FIGS. 4 and 5 show the side view and the top view, respectively, of an embodiment of the invention wherein the reproduction device of the invention is a xerographic copier. In this embodiment the various operating stations of the well known xerographic process will not be described.
The blank paper supply for the copier comprises a bin 50 that is adapted to hold a vertical stack 51 of blank, cut, paper sheets. As seen in these figures, the sheets of paper are fed with a long sheet edge, i.e. the 11 inch sheet edge, as the leading edge. This manner of feeding paper is not however to be taken as a limitation on the invention.
Sheets from stack 51 are fed, one at a time, to a transfer station 52 where at a portrait or a landscape toner image is transferred to the bottom surface of the sheet. The sheet then moves from transfer station 52 to a fuser station (not shown).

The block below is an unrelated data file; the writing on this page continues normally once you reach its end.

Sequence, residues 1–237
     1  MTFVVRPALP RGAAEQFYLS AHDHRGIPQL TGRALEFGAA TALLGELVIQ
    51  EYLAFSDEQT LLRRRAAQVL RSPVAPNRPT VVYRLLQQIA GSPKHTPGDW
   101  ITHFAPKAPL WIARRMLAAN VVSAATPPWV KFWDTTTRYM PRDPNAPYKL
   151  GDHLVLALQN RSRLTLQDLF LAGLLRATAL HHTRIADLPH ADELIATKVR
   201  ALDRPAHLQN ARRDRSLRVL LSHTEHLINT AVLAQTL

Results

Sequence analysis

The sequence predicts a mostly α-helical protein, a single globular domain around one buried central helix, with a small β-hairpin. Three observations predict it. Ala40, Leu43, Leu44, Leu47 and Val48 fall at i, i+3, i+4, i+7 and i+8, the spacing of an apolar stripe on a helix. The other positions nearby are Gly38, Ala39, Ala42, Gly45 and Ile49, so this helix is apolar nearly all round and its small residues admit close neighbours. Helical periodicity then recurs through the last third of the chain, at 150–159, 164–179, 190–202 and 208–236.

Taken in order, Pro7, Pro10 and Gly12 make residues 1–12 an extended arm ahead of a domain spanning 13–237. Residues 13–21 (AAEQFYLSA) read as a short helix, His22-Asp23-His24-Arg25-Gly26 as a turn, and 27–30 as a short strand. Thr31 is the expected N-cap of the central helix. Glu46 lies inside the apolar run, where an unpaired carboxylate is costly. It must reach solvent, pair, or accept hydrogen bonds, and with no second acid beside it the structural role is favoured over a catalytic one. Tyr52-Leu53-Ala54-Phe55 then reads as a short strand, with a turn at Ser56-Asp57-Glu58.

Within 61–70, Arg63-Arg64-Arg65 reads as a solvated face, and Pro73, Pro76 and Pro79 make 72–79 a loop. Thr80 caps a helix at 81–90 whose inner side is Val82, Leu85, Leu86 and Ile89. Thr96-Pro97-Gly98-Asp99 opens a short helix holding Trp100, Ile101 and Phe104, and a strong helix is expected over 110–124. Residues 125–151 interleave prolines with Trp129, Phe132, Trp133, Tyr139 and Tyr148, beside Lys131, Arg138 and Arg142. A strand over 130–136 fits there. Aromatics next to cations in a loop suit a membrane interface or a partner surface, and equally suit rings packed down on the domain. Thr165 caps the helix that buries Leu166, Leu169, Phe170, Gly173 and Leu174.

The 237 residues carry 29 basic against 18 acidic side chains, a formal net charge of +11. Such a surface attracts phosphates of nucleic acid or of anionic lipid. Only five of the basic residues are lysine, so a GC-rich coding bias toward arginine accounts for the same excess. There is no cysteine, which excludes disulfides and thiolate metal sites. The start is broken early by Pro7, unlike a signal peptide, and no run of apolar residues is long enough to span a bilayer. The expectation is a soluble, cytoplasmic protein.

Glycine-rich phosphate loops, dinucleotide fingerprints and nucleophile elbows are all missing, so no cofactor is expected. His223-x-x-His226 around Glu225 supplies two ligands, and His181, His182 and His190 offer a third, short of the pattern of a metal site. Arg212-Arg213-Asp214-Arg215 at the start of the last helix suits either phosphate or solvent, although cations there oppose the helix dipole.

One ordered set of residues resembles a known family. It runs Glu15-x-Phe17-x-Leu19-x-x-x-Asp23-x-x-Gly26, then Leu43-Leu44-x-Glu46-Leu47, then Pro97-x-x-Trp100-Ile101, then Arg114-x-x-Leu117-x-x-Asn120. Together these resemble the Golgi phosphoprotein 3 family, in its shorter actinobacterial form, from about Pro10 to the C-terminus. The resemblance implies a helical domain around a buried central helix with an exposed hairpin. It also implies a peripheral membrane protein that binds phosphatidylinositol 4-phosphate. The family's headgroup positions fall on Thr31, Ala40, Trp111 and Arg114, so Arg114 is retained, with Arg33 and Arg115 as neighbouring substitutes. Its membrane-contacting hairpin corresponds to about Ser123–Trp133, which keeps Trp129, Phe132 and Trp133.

If simplex copies are being produced, the sheet usually moves on to accumulator tray 53 by way of sheet feed path 54.
If duplex copies are being produced, the sheet moves on to sheet invertor or turnaround device 55 by way of sheet feed path 56. In the production of duplex copies the sheet next leaves invertor 55 by way of path 57, and returns to transfer station 52 with its original upper surface now facing downward. The second-side image is now placed on that surface of the sheet, to thereby form a duplex copy. After fusing of the second-side image, the duplex copy sheet moves on to accumulator tray 53 by way of sheet feed path 56, 55, 56 and 54.
As will be apparent, sheet path 56,55,56 is also used as a sheet invertor, similar in function to invertor 43 of FIG. 3, when producing landscape copies.
The leading edge of the sheets comprising a document copy set, i.e. either a simplex or a duplex set, are registered to a common vertical plane 58 (see FIG. 5), and a stapler device 59 is located at the front common-corner of this plane.